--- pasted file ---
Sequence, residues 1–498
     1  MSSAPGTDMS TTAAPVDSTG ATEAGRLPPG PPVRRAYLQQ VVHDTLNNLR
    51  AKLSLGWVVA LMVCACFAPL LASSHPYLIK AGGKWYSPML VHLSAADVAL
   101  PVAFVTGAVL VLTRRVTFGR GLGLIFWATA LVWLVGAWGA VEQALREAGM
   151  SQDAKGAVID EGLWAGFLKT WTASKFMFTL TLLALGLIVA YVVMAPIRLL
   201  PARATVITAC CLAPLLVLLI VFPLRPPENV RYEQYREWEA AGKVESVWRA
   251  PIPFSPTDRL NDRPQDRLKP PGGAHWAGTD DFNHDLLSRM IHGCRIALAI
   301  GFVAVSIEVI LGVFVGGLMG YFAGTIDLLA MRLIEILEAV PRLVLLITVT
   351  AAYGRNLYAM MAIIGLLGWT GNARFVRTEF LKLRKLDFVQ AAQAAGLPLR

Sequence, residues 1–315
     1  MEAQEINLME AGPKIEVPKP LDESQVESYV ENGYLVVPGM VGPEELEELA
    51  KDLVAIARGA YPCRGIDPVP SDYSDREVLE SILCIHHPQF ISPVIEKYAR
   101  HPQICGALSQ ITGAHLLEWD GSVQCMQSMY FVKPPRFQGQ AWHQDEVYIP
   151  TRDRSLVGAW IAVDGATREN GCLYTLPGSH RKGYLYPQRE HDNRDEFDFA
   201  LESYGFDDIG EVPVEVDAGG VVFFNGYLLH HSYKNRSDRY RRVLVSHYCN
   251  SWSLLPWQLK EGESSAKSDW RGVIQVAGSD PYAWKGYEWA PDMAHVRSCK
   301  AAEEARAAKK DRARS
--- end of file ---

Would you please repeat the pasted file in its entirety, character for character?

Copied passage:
Sequence, residues 1–498
     1  MSSAPGTDMS TTAAPVDSTG ATEAGRLPPG PPVRRAYLQQ VVHDTLNNLR
    51  AKLSLGWVVA LMVCACFAPL LASSHPYLIK AGGKWYSPML VHLSAADVAL
   101  PVAFVTGAVL VLTRRVTFGR GLGLIFWATA LVWLVGAWGA VEQALREAGM
   151  SQDAKGAVID EGLWAGFLKT WTASKFMFTL TLLALGLIVA YVVMAPIRLL
   201  PARATVITAC CLAPLLVLLI VFPLRPPENV RYEQYREWEA AGKVESVWRA
   251  PIPFSPTDRL NDRPQDRLKP PGGAHWAGTD DFNHDLLSRM IHGCRIALAI
   301  GFVAVSIEVI LGVFVGGLMG YFAGTIDLLA MRLIEILEAV PRLVLLITVT
   351  AAYGRNLYAM MAIIGLLGWT GNARFVRTEF LKLRKLDFVQ AAQAAGLPLR

Sequence, residues 1–315
     1  MEAQEINLME AGPKIEVPKP LDESQVESYV ENGYLVVPGM VGPEELEELA
    51  KDLVAIARGA YPCRGIDPVP SDYSDREVLE SILCIHHPQF ISPVIEKYAR
   101  HPQICGALSQ ITGAHLLEWD GSVQCMQSMY FVKPPRFQGQ AWHQDEVYIP
   151  TRDRSLVGAW IAVDGATREN GCLYTLPGSH RKGYLYPQRE HDNRDEFDFA
   201  LESYGFDDIG EVPVEVDAGG VVFFNGYLLH HSYKNRSDRY RRVLVSHYCN
   251  SWSLLPWQLK EGESSAKSDW RGVIQVAGSD PYAWKGYEWA PDMAHVRSCK
   301  AAEEARAAKK DRARS